2021 Trends in the Alcoholic Beverage Industry

2020 may have felt like a year that wouldn’t yield any great insights into emerging trends in the beverage alcohol industry. In reality, 2020 was a game-changing year. An unprecedented global situation led producers to embrace many innovations and improvements that may have taken years longer to develop in otherwise “normal” conditions. Additionally, consumers drove many changes in product offerings and sales channels due to demographic shifts (and related changes to consumer preferences and values).

In our latest paper (which you can download here), we cover the trends that made the biggest splash in 2020 and indicate clear shifts in the beverage alcohol industry in 2021 and beyond. Here’s a quick summary of the in-depth report.

After combing through data from top industry sources including the Brewers Association, Nielsen, Wine Business, and Drizly as well as reviewing our own research, we’ve identified five primary trends shaping the alcoholic beverage industry:

  1. Diversifying product offerings: Product categories like hard seltzer, RTD cocktails, hard kombucha, and organic wines will continue to rise in popularity.
  2. New packaging types: The use of unusual and new packaging types will proceed as the aluminum can shortage drags on, with some relief on the can supply chain due to rebounding on-premise draft sales.
  3. Ecommerce is here to stay: Consumers will sustain demand for alcohol ecommerce options, leading to ongoing implementation of ecommerce and DTC platforms.
  4. Millennials and Gen Z consumers: Brands will renew their focus on appealing to younger consumers in general — and Gen Z in particular — with digital marketing and brand campaigns.
  5. The rise of technology: Alcohol producers will increase their investment in technology platforms and connectivity as businesses look to gain a leg up in the post-COVID economy.

Are Things Getting “Back to Normal”?

Yes! And also, no. Many bars, restaurants, and alcohol producers are reopening at full capacity, so on-site consumption will continue to ramp up. That means companies can once again look forward to on-premise sales, the most profitable channel for many, and potentially decrease their reliance on packaging and distribution.

With that said, many alcohol producers have seen immense success offering their beer, wine, cider, and seltzer to customers in cans and bottles. And with many consumers now accustomed to ordering beverages online for pickup or delivery, it’s unlikely that these channels will shrink significantly.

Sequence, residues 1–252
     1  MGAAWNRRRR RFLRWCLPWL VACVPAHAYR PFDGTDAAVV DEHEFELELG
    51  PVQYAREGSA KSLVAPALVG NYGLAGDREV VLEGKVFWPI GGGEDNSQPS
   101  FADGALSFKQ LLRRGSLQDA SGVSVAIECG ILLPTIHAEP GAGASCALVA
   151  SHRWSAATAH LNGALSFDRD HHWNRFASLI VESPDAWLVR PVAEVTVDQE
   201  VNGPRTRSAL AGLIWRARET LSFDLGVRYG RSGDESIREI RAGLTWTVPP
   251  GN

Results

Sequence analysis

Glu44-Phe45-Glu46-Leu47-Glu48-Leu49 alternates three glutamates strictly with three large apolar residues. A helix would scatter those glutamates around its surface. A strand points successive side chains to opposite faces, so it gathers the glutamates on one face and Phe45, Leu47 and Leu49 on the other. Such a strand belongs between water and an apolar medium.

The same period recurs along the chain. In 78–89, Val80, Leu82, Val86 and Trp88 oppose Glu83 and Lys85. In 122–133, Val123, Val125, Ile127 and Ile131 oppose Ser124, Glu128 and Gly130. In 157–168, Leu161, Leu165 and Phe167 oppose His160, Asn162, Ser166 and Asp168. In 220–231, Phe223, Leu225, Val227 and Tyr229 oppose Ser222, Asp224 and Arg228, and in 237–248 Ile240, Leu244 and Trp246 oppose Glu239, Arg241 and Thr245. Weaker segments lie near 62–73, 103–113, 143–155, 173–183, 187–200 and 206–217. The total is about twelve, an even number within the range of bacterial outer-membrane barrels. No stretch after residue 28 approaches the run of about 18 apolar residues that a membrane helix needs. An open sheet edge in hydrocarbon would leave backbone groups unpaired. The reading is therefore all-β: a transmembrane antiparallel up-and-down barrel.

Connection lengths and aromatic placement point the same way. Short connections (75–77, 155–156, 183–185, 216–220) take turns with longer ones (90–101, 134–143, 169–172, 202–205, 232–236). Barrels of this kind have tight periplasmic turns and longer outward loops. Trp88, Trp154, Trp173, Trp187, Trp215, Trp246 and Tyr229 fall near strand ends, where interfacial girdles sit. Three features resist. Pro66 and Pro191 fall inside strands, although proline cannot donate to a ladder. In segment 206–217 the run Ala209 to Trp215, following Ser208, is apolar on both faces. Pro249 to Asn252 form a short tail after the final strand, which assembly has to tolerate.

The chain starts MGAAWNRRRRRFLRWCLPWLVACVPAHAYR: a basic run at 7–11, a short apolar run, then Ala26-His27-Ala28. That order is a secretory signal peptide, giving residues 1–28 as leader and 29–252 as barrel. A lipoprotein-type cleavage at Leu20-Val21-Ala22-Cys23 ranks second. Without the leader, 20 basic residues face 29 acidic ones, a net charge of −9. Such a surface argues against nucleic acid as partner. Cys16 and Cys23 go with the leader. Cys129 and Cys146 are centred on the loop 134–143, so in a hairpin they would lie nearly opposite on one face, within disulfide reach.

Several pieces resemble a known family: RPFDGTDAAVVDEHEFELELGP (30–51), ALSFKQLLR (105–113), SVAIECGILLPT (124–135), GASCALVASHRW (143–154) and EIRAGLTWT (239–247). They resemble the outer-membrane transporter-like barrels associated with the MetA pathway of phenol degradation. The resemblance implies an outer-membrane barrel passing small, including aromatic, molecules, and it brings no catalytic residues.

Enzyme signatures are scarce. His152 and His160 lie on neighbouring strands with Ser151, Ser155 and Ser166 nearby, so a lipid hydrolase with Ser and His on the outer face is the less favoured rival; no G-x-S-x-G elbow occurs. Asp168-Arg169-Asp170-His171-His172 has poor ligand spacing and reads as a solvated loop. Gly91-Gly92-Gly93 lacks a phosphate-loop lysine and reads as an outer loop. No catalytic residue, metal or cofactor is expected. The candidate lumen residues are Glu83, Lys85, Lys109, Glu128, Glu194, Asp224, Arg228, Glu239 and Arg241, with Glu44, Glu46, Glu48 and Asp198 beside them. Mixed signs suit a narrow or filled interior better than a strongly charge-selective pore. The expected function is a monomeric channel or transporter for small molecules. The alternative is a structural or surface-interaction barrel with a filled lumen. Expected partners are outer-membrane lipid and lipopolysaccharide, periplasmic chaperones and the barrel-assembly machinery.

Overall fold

While we all want to put 2020 behind us, the reality is that the pandemic permanently changed the industry — the key is learning how to adapt.

You can’t control or predict what happens in the market at large, but you can put yourself in a better position by making smart decisions in the inventory, production, and sales areas of your business. Here are a few of our top suggestions, which you can read more about in our white paper.

  • Consider expanding into new product categories: Many brands have found success by adding a new product type to their lineup. We’ve seen wineries launching a beer brand, breweries expanding into wine or spirits, and seltzer brands galore. Do the research to see if a new endeavor could be successful in your market.
  • Try something different with your packaging: The aluminum can shortage is still causing problems for many craft producers, so now might be a good time to experiment with a new solution. Find out what types of packaging (cans or otherwise) you can source efficiently and give them a try. Per the TTB’s announcement last year, even wineries are able to take advantage of new packaging types now.
  • Grow (or begin) online alcohol sales: You can’t expect to throw your products up on an ecommerce site and suddenly get a ton of sales — you have to put the right processes in place and invest in marketing to ensure your customers find and use your online store.
  • Use digital marketing to appeal to Gen Z: Younger consumers want to connect with your vision, not just your flavor profiles. Communicate your company’s values in everything you do. Don’t be afraid to shout it from the rooftops — but if you do, just make sure you post a video. Video is a hugely popular format for Gen Zers, so be sure to work it into your marketing even if you just use your iPhone.
  • Invest in connected technology solutions: It’s clear that technology has become a requirement rather than a nice-to-have for alcohol producers. Ensuring a streamlined flow of data from inventory and production through to sales and accounting can save you upwards of 20 hours per month on data reconciliation.

The Future of the Alcohol Industry

Want to do a deeper dive? Download our report to get more details about the trends discussed above, including:

  • Stats on 2020 alcohol sales, including trending product categories and what’s driving the change
  • New packaging types being used by breweries and wineries
  • A breakdown of online alcohol sales and DTC shipping adoption
  • The true impact of millennial and Gen Z consumers on beverage alcohol brands
  • Exclusive data on technology adoption among alcoholic beverage producers

Just fill out the form and we’ll send you the research.

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Written by Josh McKinney